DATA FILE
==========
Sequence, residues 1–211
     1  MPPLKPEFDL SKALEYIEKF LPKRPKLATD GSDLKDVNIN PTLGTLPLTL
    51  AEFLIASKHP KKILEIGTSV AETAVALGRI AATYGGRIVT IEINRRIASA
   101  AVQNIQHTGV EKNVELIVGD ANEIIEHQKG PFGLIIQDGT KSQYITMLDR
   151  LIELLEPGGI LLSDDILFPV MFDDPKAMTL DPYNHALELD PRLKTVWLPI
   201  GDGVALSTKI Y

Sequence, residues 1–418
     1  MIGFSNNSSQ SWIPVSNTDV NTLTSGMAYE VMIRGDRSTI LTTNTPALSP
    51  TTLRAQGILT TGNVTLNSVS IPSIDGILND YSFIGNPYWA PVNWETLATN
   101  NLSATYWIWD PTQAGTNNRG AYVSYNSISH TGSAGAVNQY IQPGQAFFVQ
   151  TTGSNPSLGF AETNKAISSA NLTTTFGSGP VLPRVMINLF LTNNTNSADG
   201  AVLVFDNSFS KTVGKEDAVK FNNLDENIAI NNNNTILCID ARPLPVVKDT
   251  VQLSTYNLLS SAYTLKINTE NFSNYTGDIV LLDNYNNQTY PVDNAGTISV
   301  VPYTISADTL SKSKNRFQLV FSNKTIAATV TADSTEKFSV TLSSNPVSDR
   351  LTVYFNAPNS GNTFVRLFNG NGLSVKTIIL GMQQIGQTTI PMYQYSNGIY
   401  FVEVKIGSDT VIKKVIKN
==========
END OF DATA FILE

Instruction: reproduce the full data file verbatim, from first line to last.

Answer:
Sequence, residues 1–211
     1  MPPLKPEFDL SKALEYIEKF LPKRPKLATD GSDLKDVNIN PTLGTLPLTL
    51  AEFLIASKHP KKILEIGTSV AETAVALGRI AATYGGRIVT IEINRRIASA
   101  AVQNIQHTGV EKNVELIVGD ANEIIEHQKG PFGLIIQDGT KSQYITMLDR
   151  LIELLEPGGI LLSDDILFPV MFDDPKAMTL DPYNHALELD PRLKTVWLPI
   201  GDGVALSTKI Y

Sequence, residues 1–418
     1  MIGFSNNSSQ SWIPVSNTDV NTLTSGMAYE VMIRGDRSTI LTTNTPALSP
    51  TTLRAQGILT TGNVTLNSVS IPSIDGILND YSFIGNPYWA PVNWETLATN
   101  NLSATYWIWD PTQAGTNNRG AYVSYNSISH TGSAGAVNQY IQPGQAFFVQ
   151  TTGSNPSLGF AETNKAISSA NLTTTFGSGP VLPRVMINLF LTNNTNSADG
   201  AVLVFDNSFS KTVGKEDAVK FNNLDENIAI NNNNTILCID ARPLPVVKDT
   251  VQLSTYNLLS SAYTLKINTE NFSNYTGDIV LLDNYNNQTY PVDNAGTISV
   301  VPYTISADTL SKSKNRFQLV FSNKTIAATV TADSTEKFSV TLSSNPVSDR
   351  LTVYFNAPNS GNTFVRLFNG NGLSVKTIIL GMQQIGQTTI PMYQYSNGIY
   401  FVEVKIGSDT VIKKVIKN